Design Notes: Spirit Master

Hello. Sorry for the unannounced hiatus last week, I was gearing up to something big (for me, at least). Today, I have submitted my first piece of content to the DM’s Guild, a homebrew class I am calling the Spirit Master (available here). This was planned for last week but it wasn’t in a state I was happy with so I decided to delay the release and not post a filler update that would not have satisfied me, let alone you.

With that said, this week’s update will be my design notes for version 1.0 of the Spirit Master. If this is not something you are interested in reading, I understand and wish you a pleasant day. For those of you still reading this, however, please do step further down the rabbit hole.

Inspiration

The class would not exist at all were it not for Matthew Mercer’s solution for a formerly absent player returning to her group during a recent story arc on Critical Role, so first and foremost, thanks to him.

That’s basically all I can say without spoiling anything. If you would rather not have anything spoiled, skip ahead to the next section.

Still here? Good. Ashley Johnson, actress and Gnome Cleric, was unable to join the party as they travelled to the former home of one of the party members but then re-joined several sessions later as a celestial form (explaining how she covered the hundreds of miles between her Cleric and the rest of the party). This got me to thinking about how projections such as this could influence the battlefield, which gave me the basis of what I thought was a cool idea.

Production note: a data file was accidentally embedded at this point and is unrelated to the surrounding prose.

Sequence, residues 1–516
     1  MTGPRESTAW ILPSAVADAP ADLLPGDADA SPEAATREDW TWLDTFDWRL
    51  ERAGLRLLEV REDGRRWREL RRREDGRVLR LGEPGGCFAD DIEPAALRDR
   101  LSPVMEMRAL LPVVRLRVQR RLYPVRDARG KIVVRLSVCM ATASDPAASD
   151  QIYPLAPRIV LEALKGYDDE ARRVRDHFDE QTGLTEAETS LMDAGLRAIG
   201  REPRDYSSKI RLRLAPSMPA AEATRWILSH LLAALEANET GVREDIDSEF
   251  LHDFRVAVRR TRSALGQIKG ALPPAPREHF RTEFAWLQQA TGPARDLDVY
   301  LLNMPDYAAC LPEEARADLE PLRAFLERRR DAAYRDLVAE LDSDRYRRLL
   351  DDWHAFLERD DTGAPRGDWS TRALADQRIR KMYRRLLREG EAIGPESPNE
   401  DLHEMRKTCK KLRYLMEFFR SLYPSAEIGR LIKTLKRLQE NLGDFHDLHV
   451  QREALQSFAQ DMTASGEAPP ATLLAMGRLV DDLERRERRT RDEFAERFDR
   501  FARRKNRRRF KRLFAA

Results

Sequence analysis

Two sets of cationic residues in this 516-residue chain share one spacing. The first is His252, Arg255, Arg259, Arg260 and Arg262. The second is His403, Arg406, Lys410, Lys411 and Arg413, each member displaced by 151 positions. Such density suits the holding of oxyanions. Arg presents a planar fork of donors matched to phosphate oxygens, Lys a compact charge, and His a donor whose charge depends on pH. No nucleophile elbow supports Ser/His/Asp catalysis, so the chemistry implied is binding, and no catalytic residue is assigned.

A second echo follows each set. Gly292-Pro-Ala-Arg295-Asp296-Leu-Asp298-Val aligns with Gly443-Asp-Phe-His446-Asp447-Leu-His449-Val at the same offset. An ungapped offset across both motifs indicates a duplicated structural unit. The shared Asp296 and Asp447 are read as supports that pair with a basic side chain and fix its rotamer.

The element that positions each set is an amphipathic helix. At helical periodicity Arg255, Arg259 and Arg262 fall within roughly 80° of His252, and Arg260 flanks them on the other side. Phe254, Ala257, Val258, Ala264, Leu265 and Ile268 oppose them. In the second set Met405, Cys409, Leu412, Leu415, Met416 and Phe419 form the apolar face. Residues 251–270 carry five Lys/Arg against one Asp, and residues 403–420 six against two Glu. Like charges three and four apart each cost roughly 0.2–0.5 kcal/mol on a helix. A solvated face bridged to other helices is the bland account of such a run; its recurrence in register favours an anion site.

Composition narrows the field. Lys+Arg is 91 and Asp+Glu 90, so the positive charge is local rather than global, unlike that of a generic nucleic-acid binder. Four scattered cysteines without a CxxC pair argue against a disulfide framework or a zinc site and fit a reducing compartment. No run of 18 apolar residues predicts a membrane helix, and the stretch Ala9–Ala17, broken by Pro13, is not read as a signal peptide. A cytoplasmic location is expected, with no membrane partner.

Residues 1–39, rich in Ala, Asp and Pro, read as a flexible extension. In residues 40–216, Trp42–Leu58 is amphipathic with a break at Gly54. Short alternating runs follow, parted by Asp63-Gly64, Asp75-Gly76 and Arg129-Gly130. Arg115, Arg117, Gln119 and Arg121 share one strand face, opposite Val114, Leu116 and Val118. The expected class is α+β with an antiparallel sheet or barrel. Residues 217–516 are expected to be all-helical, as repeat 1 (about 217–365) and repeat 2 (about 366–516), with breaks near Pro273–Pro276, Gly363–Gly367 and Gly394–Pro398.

Rather than adapting an existing class, I took this core concept and ran with it. What if there were other ways to project oneself? What if you could choose to swamp the battlefield in smoke, or turn your enemies’ fear into a reality?

Class Features

In terms of starting items and proficiencies, I wanted something that was similar to a monk (reflecting the meditative state required to unlock a Spirit Master’s powers) but also reflected their focus on introspection and observation. A proficiency with Dexterity saving throws was given because I felt it reinforced the idea that the Spirit Master is so in tune with their body that they react without thinking. This emphasis on the body also makes Spirit Masters natural healers.

This was all rounded out with simple and relatively basic starting equipment as a way of showing the lifestyle many Spirit Masters lead.

Projection is the core around which the whole class is built. I felt that having players need to make Concentration rolls when taking damage would be annoying and instead chose to lower their AC and make them aware of attacks against their body whilst using the feature. As it is the core of the class, I felt that it should be the conduit for all the other abilities.

Spirit Weapon was created to solve the problem of Spirit Masters having to resort to fists. I wanted players to feel they were having a meaningful impact on the battle and making this damage magical but only from simple weapons reflects the strange abilities of the class. This is then improved upon at 11th level with Manifested Weapon, because I felt that at that point, the Spirit Master should be so in tune with themselves and the core of their power that they should be able to use fragments of it without using the Projection feature.

When looking at ways in which a keystone ability can be reflected for a class like this, I felt that turning the body completely into its spirit was the way to go. Both Spirit Essence and True Spirit Essence are intended to reflect the mastery of the Spirit Master over both body and spirit.